By Vicki Jackson
Beach business owners were caught by surprise when the City of Clearwater recently put out a call to the masses seeking volunteers to help plant 10,000 sea oats. The sea oats were obtained at no cost from Pinellas County, for the purpose of preventing erosion, while providing beach nourishment and a level of stormwater protection. Nine new dunes, located at four strategic beach access points, would have been created on the beach beginning south of Pier 60 and on down to the site of the old Adam's Mark parking lot.
Apparently no prior notice of the proposed planting was submitted to council members, or as a courtesy, to the general public. Some of the businesspeople and the Clearwater Beach Chamber of Commerce protested and immediately sought postponement of the project. When I phoned the volunteer hotline, a recording advised me to leave a number, as there was a chance the planting still might happen. For now, that's anything but certain.
Chamber spokesperson, David Little, suggested there is a common misconception as to the perceived benefits of sea oats and sand dunes. While they definitely do help stabilize the beach, it's because they function as a reservoir of sand that is ultimately pulled back by and into the water. He believes that Clearwater Beach is fully created, with its hardened beach and the jetties, and that the dunes create a ramp effect for the blowing sand, with the openings between them allowing a velocity effect. With more sea oats and more sand dunes, the sand will continue to pile up because it has nowhere else to go, and that this will negatively impact beach available for recreational use. While he likes sea oats, he feels we already have an abundance of sand, unlike some other beaches. He said, "Clearwater Beach is known world-wide for its wide-open beach," and that he's looking for answers toward balancing the needs of the public with those of the environment.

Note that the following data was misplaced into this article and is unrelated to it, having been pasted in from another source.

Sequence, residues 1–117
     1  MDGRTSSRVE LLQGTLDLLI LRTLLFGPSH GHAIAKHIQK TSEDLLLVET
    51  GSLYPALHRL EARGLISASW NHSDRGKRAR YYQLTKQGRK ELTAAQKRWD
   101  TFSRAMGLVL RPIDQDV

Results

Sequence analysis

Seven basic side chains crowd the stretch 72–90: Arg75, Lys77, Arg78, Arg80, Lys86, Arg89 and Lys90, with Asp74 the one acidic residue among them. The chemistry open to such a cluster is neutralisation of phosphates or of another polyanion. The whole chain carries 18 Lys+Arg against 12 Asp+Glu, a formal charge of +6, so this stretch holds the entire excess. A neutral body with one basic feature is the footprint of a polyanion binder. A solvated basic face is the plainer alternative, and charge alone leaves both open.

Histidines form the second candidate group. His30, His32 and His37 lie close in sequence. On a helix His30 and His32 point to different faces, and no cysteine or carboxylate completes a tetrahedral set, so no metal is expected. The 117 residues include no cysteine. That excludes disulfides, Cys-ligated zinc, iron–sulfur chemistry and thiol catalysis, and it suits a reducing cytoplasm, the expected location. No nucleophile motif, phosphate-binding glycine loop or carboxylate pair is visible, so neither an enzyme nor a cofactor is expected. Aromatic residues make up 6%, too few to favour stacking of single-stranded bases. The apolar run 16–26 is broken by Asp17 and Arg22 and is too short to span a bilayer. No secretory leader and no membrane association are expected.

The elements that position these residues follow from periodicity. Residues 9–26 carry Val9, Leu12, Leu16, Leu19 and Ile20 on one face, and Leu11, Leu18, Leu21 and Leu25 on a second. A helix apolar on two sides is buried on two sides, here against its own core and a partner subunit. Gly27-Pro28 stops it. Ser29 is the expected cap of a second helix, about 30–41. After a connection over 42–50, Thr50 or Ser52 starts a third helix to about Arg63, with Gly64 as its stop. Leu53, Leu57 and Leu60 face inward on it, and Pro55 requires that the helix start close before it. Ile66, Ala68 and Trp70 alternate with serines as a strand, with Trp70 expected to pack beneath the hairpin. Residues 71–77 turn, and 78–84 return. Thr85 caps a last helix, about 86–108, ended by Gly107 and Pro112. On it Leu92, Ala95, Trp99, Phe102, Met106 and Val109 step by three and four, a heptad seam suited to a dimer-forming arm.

Councilman, Paul Gibson, who called for a halt of the project, echoed that concern. He reminded us that BeachWalk, at a cost of $30 Million, was designed to provide for a driver and pedestrian friendly vista, and he feels that the proposed five foot tall dunes with several feet of grass atop, would impede that objective. When asked about the possibility of constructing the dunes with passageways between them, which many people find desirable and attractive, he replied, "People come here to look at the Gulf and the beach", and he's "not in favor of a peek-a-boo view". He acknowledged a problem with blowing sand, but stated, "We need to deal with it as policy instead of an operational" issue.
At the Council Work Session on Tuesday morning of July 13th, Brian Murphee, Landscaping Manager for the City Parks and Recreation Department, spoke about the Sand Management Program. He explained how the 30" concrete wave wall constructed to protect BeachWalk is just not enough. He displayed several convincing photographs of sand blown over the wall, as well as other areas, such as Pier 60, of excess sand accumulation. With the construction of BeachWalk, maintenance of the blown sand has become even more labor intensive, as they must "tip-toe" through and around the structure. In proposing the planting of sea oats and the consequential formation of staggered dunes, the City had hoped to employ a "green resource" to offer some protection for the vulnerable beach access points that would still allow for efficient maintenance access for grading out the flat areas between.
Previously, the City of Clearwater had indicated it would implement measures to inhibit the development of tall dune formations, such as those already present. Both council members and the Mayor expressed serious concerns about the potential height of the new dunes, and pressed at length for answers. While Mr. Murphee repeatedly emphasized that the footprint of each of the proposed dunes would be groomed to prevent any lateral expansion, no such assurance was given in regard to curtailing the height of the dunes. That seemed to be the "deal breaker", as Mayor Hibbard proclaimed that he "was not going to support this, the plantings, on Thursday." Vice Mayor John Doran asked that scientific answers regarding the dune height probabilities, as well as a full view of the entire 1 ½ miles of the impacted area, displaying both existing and potential dunes, be obtained for presentation to the public at the Clearwater City Council meeting, at 6:00 p.m. on July 15th.
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